Helping Hands: Illinois Tech Alumnus Creates Pathway to Student Internships



By Casey Moffitt

Underrepresented tech students—especially women, underrepresented minorities, and first-generation students—face unique challenges finding professional experience before graduation, but an Illinois Institute of Technology alumnus has launched a new initiative to help these students obtain internship opportunities.

Vinesh Kannan (CS ’19) established Scarlet Data Studio to offer paid software engineering internships for Illinois Tech students who are struggling to overcome the challenges that hinder them from participating in real-world experiences.

“I regularly witness hard-working, curious, and talented Illinois Tech students get passed over for internships. These rejections lead some students to doubt their skills or even feel isolated,” Kannan says. “We hope the experience and confidence they gain from Scarlet Data Studio will help them succeed in their career goals.”

All students face their own career preparation challenges, and the interns participating in Scarlet Data Studio are no exception. The interns noted that their specific challenges include caring for a family member at home, needing work authorization, working full-time or part-time while taking courses, and having other internships canceled because of the COVID-19 pandemic. Some reported discrimination because of their race, gender, ethnicity, or identity.

“We realized that we didn't need a company to offer students an internship,” Kannan says. “Instead of just helping students search for existing internships, we created new internships so more Illinois Tech students could have more opportunities to learn and grow.”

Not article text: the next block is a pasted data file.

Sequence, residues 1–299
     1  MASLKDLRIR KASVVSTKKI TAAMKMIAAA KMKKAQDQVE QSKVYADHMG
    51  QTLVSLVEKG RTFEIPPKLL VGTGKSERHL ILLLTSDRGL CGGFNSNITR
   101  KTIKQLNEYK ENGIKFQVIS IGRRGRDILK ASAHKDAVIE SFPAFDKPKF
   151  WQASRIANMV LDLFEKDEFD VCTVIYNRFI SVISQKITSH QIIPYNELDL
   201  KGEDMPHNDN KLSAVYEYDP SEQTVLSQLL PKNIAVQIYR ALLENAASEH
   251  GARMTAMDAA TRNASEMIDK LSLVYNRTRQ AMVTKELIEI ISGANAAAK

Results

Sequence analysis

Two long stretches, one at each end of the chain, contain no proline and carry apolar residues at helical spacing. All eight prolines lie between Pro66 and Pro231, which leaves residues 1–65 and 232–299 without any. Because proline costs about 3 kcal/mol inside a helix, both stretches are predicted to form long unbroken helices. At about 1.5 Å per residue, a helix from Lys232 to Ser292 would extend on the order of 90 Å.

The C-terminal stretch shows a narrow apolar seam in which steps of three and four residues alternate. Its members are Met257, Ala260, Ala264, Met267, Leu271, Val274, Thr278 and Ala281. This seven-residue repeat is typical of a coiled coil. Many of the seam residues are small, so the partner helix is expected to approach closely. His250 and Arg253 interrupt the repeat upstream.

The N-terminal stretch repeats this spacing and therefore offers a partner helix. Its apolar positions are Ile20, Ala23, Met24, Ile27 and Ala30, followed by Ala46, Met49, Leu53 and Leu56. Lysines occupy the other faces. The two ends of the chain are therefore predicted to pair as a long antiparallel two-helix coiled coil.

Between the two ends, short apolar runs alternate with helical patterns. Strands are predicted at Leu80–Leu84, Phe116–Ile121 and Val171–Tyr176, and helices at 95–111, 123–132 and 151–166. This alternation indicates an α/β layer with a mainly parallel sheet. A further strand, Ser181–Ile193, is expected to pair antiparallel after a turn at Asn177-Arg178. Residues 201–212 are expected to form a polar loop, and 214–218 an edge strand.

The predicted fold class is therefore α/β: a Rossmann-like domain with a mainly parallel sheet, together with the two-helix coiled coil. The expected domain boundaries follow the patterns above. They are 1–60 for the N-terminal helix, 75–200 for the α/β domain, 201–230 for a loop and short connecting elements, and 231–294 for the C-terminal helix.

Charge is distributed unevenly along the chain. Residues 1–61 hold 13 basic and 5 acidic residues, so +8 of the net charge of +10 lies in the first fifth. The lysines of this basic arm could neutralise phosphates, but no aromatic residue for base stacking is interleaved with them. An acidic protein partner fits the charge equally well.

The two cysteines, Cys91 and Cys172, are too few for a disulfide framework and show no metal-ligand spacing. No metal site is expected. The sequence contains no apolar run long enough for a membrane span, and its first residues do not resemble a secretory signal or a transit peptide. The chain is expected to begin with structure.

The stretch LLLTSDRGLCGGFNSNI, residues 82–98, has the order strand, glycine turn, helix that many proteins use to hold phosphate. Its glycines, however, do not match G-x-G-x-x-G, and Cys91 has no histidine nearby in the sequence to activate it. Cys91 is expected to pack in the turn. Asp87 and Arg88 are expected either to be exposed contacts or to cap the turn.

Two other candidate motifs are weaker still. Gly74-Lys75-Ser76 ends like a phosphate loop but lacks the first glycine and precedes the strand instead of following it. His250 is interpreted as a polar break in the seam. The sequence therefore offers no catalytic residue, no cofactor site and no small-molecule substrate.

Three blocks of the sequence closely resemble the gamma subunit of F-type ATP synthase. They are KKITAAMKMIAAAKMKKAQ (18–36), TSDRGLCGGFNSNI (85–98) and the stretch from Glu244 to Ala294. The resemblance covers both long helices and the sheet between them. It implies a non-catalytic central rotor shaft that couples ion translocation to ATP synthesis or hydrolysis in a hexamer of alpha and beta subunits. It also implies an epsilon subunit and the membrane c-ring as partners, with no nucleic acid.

This past summer, Kannan recruited five fellow Illinois Tech alumni who are working as professional software engineers to serve as mentors for Scarlet Data Studio. Ten Illinois Tech students were selected for a four-week internship to analyze public data and develop features in Python, SQL, and JavaScript.      

Together, they created TransitHealth, a website that shows how public health and transit data in Chicago has shifted since the COVID-19 pandemic hit the city. Using data sets found in the City of Chicago’s Data Portal, each intern took ownership of a dataset and launched features to tell a story about how their topic affected each neighborhood and intersected with public health issues.      

“Our goal for each intern was to get them to contribute to all three parts of our codebase: offline pipelines, back-end server, and front-end application,” Kannan says. “From there they then move on to a stretch project, where they work on a task just above their current skill level.”

Scarlet Data Studio was the first internship experience for Jacqueline Macias (CYBS 2nd Year). She had the distinct team role of performing a cybersecurity audit on the website and implementing fixes.

“I was able to perform fixes by inserting security headers into the back end of the code and upload the new code,” she says. “This experience elevated my curiosity in the field and what I might look forward to in the future.”

Scarlet Data Studio was a perfect opportunity for Maria Garcia (CS 4th Year) to work on front-end components of the website, as well as extracting data, transforming it to a usable format, and loading it to the site.